Painting is perhaps more vital today than any time since the heyday of the New York School in the late 1940s and 1950s and Amy Sillman, the American painter who works in Brooklyn is one of its most influential practitioners and thinkers. Through her dramatic shifts in style, sophisticated writings, and her role as head of the painting program at Bard College's prestigious MFA program, she has proven that the basic building blocks of 20th-century painting are as relevant as ever.
I went to Boston during this Thanksgiving Break and visited the Institute of Contemporary Art there. That was how I got to know this artist and appreciated her works in Amy Sillman: one lump or two-- the artist's first museum survey. This exhibition follows her development as an artist from the mid-1990s to the present, as her work moved from drawing to painting to moving images, and from figuration to abstraction.
I was immediately attracted by her work, which is, to me, a perfect combination of figuration and abstraction, simple but deep and full of stories. Her works are big, confident and sensuous and can trigger all the joy, exuberance and imagination.
Me & Ugly Mountain, 2003
oil on canvas
Collection of Jerome and Ellen Stern
Above is a photo I took when I was at the exhibition of one of my favorite work of hers--- Me & Ugly Mountain.
In it, a lone figure drags behind her, by virtue of a thinly painted line, an enormous bundle of neurotic energy. Inside the transparent sack is a jumble of lines and shapes that cohere in to a bag of figures, a cacophony of people. Placed in front of the landscape and pressed up against the picture plane, the sack dominates the composition, its shape resembling an eye, mouth or breast. Inside the satchel, one can isolate individual figures, not that different from the comical personage who pulls them along.
I like it because her use of figuration and abstraction in this painting. She uses figuration on the lone figure and the background of the snow mountain, while she uses some abstraction when depicting the whole mess in the lone figure's head. This use of abstraction signifies the mess, complaints, worries and pain inside the lone figure's head. It also indicates that the bag of mess is not real, only abstract thoughts inside her head, but the beautiful snow mountains are true and should be appreciated.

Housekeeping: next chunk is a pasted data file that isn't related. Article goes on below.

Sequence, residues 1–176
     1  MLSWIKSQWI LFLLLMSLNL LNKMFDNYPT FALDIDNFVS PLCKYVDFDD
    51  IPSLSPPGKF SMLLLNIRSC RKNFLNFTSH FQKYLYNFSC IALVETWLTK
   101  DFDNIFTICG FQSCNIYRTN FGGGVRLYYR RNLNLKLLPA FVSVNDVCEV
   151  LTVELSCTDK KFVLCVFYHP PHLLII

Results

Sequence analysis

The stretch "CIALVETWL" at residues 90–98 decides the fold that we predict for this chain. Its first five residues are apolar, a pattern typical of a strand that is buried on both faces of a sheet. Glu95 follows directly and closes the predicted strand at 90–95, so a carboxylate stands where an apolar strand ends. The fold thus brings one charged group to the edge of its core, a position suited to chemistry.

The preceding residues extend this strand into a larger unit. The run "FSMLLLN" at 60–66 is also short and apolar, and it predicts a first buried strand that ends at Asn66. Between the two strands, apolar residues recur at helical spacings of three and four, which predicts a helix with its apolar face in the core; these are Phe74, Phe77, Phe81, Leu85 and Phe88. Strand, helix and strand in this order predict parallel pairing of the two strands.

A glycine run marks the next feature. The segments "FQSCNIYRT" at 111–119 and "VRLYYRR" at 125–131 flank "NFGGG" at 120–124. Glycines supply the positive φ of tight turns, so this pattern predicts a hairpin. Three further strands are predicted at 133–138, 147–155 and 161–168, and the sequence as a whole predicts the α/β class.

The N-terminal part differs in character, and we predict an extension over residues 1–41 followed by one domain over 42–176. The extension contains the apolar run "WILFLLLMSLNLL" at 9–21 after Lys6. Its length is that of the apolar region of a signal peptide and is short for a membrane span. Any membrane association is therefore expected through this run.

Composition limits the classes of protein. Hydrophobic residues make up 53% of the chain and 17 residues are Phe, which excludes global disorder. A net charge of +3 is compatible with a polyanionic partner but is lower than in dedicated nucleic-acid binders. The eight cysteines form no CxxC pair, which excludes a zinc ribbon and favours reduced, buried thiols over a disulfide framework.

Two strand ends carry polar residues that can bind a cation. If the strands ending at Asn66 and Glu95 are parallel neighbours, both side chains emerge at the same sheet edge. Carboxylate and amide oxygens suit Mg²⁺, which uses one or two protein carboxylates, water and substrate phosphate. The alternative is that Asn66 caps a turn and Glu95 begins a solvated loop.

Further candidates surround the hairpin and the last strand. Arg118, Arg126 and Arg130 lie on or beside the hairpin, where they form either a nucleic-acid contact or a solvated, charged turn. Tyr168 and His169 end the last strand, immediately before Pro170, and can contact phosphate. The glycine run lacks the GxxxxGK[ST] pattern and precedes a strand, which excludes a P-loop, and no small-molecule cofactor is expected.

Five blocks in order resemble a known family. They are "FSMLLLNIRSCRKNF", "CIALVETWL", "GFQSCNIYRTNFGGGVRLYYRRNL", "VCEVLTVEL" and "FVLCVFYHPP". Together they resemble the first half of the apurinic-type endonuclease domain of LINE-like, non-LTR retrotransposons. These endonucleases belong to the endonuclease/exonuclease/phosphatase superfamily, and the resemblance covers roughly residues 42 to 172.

This work is very abstract and perfectly shows Sillman's value of painting. Some painters are on a quest for truth and beauty, however, through this painting we can conclude that Sillman is not one of them. Her affection of artworks, are "dirty", "backward" "not pleasant" and "amateurish". Her goal is not to shock the viewer, in the way of some contemporary art provocateurs. Sillman's medium could be said to be comic awkwardness as much as it is oil or ink. She is always interested in jokes and humors.
In her painting, there is often something off balance. We can see this painting, with its broad neon strokes, is off balance everywhere. Casual strokes form "S" everywhere, small or big, upward or downward. But when you focus on one particular "S" in it, other strokes that form other "S" become a framework that contains the former "S". Again, this multi-interpretation shows the deepness, convolution embedded under the simplicity and crudeness of her work.
oil on canvas
The elephant in the room which is a phrase that means something present but invisible, determinative but denied, served as the loaded title of what is in retrospect one of Sillman's key works--- a large and, for Sillman, uncharacteristically empty painting as shown above. Densely layered but sparingly drawn, the canvas features two perpendicular blocks of color--- opaque apricot in the canvas's lower portion and , atop that, a rectangle of gradated yellow--- that describe a space containing little more than what seems a slumping, implausibly green elephant trunk. In the manner of Cy Twombly's graffitied penis-breast notations, however, this appendage also reads alternately as a female nude and as something tumescently phallic. Significantly, this figure casts a shadow that partially but ominously occludes a sliver of translucent, pale purple and gray landscape, barely visible on the right.
The interpretation of Sillman herself about this painting is sex, however, viewers can also interprete the elephant as something else. Again, this kind of combination of abstraction and figuration leaves great space for us to imagine and interprete by ourselves.
The Institute of Contemporary Art/Boston. "Amy Sillman: one lump or two, west gallery, October 3- January 5, 2014". <http://www.icaboston.org/exhibitions/exhibit/AmySillman/>
Loos, Ted. "Blobs and Slashes, Interrupted by Forms". The New York Times, September 26, 2013. <http://www.amysillman.com/uploads_amy/pdfs/37f1e2d9.pdf>
Smee, Sebastian. "Witty and bright, Amy Sillman's work is freshly urgent." The Boston Globe, October 5, 2013. <http://www.amysillman.com/uploads_amy/pdfs/8351d781.pdf>
Norden, Linda. "Amy Sillman: The Elephant in the Painting". ARTFORUM International, February 2007. <http://www.amysillman.com/uploads_amy/pdfs/d806c45e19.pdf>